Every Christian household should be transformed into a house of God. Christian households are the backbone, the foundation, of the Christian church, and if they are not consecrated to the Lord, then the Church herself will be weak and sickly. Sadly, in the 21st century American church, both Church and family are weak and sickly.
It’s one thing to spend five weeks on 1 Corinthians, examining in detail the problems of the Corinthian church and admiring the wise and loving way in which St. Paul instructs the Corinthian church. It’s another to apply these things to our local church. We have, in many ways, the same set of sicknesses they had, and therefore the same prescription is the cure.
But my challenge this morning is this: What if we actually read 1 Corinthians not just in terms of our local church but in terms of our families and our households?
Paul commends two remarkable families in 1 Corinthians 16, as he brings his letter to the church to an end. First, there is the household of Stephanus, which Paul himself had baptized (1:16), and they are the firstfruits of Achaia, just as Christ is the firstfruits of the Resurrection. This household, which would have included Stephanus’s extended family, including children and servants and perhaps more, came to Christ together, as a household. This pattern of families coming together to Christ is repeated throughout the Scriptures, for example, in the life of the Philippian jailer and his family. Throughout history, when kings converted to Christ, their nations came with them.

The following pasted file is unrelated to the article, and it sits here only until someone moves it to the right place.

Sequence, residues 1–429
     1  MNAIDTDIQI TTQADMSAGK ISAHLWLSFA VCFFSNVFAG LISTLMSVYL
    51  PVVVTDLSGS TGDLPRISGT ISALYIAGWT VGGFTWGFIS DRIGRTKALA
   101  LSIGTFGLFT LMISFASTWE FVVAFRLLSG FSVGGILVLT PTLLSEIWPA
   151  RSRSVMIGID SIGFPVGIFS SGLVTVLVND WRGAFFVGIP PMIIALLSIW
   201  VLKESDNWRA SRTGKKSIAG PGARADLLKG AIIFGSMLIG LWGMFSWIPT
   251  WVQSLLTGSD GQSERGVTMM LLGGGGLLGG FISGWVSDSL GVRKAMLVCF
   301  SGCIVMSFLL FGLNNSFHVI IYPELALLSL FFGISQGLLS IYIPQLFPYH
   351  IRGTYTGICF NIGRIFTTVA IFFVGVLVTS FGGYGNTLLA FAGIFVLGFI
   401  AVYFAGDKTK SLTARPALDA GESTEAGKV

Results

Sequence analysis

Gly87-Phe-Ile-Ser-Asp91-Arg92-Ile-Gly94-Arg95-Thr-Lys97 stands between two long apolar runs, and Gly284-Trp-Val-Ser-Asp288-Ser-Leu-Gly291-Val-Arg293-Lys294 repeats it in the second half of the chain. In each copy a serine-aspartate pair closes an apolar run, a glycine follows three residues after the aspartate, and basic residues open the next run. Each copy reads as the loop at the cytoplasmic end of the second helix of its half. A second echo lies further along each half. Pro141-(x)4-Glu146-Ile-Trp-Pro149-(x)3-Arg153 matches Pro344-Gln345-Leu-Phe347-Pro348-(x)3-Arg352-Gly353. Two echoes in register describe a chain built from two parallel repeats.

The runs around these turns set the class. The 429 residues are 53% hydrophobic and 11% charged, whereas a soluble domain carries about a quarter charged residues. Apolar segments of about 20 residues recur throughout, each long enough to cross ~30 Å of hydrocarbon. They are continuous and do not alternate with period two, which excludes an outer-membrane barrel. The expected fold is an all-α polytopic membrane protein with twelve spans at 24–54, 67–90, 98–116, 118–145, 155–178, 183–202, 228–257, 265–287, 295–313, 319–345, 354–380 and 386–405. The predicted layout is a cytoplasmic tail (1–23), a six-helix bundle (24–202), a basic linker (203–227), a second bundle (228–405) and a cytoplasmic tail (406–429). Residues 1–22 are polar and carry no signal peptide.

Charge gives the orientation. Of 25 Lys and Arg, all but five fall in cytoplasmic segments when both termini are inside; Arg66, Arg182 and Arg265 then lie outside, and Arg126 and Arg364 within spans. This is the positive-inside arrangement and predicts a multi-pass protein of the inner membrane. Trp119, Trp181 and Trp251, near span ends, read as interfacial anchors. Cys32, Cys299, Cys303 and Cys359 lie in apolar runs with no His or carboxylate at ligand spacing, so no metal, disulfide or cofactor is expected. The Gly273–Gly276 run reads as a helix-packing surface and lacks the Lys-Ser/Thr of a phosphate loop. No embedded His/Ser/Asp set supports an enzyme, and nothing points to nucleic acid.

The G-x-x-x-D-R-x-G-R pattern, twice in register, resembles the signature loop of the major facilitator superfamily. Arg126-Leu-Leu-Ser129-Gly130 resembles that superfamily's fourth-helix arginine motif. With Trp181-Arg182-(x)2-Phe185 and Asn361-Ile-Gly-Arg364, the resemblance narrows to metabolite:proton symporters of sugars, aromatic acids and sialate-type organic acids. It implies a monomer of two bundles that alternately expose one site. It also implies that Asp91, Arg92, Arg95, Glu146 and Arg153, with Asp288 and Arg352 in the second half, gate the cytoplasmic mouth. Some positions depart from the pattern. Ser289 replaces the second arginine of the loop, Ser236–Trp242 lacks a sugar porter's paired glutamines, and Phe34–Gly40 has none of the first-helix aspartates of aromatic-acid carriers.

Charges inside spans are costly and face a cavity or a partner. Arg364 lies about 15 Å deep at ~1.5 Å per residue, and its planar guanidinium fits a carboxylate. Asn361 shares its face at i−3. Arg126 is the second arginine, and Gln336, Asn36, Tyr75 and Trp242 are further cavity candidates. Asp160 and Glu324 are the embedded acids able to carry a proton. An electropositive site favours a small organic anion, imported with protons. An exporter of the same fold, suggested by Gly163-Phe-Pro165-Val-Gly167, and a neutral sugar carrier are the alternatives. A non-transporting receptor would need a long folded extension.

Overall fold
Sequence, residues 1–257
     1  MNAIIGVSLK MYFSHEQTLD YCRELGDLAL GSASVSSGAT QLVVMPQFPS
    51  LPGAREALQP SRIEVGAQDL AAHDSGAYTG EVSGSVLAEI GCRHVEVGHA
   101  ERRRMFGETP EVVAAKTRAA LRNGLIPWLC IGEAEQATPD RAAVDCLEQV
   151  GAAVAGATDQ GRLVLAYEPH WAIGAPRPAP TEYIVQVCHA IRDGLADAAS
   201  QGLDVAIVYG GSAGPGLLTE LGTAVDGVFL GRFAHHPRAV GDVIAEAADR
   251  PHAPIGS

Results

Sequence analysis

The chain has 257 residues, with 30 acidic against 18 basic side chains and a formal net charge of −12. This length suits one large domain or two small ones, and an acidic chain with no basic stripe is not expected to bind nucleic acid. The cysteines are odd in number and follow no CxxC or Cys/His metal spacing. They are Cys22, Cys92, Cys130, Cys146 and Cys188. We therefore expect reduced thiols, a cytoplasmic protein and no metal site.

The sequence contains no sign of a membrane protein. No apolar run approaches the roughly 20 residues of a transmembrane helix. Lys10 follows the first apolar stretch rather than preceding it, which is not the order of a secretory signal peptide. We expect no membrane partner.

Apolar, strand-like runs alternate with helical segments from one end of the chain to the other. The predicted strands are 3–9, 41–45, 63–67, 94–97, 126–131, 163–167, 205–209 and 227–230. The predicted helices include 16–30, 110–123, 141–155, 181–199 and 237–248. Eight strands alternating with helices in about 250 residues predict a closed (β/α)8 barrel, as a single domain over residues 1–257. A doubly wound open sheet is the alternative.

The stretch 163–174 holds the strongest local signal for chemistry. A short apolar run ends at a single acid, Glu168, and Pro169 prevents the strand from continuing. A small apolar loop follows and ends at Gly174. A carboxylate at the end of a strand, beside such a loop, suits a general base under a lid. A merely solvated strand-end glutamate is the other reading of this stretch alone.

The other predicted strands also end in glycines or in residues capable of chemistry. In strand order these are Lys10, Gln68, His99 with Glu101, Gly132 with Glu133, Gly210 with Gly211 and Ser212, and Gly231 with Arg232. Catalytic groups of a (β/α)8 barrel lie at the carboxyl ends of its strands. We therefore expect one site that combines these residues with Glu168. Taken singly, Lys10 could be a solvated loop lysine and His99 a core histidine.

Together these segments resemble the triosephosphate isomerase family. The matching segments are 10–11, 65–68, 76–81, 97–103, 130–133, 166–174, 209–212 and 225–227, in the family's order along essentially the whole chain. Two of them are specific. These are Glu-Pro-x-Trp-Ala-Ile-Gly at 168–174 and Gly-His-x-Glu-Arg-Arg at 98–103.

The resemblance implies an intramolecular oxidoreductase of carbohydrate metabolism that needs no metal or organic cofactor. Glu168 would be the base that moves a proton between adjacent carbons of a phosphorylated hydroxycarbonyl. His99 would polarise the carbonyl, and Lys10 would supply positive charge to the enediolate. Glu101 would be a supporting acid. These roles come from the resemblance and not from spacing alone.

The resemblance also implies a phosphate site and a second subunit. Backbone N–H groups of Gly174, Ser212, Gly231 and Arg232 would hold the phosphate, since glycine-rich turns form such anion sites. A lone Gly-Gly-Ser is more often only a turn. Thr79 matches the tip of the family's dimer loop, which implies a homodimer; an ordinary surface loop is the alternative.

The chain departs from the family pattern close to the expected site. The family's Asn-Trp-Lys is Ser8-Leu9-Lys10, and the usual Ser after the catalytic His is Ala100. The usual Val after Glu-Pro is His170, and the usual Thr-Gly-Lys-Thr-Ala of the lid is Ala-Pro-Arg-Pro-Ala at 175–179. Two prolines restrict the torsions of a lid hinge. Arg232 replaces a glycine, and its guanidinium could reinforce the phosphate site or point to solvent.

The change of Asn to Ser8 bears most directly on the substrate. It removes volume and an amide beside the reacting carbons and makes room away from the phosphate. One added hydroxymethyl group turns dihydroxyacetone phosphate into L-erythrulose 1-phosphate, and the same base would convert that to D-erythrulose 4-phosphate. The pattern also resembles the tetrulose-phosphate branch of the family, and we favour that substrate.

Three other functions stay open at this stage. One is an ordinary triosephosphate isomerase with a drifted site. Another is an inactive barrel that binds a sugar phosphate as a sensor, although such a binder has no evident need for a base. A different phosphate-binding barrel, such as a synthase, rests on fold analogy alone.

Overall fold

My research in the sociology of religion confirms that people come into the Church largely through the Christian family. A classic study of conversion found that when Mormons go door to door, “cold calling” on people, they have a very low batting average: only 1 out of 1000 converts. When they pursue someone by a covert referral (the name of the Mormon who suggested the person be contacted is not used), the successful recruitment rate is 7 out of 100; when an overt referral is the method, then 8 out of 100. When an appointment is set up with missionaries, the rate jumps to 34 out of 100, and when the contact with the missionaries took place in the home of a Mormon friend or relative, then the rate is 50/100: one half of all so contacted become Mormons.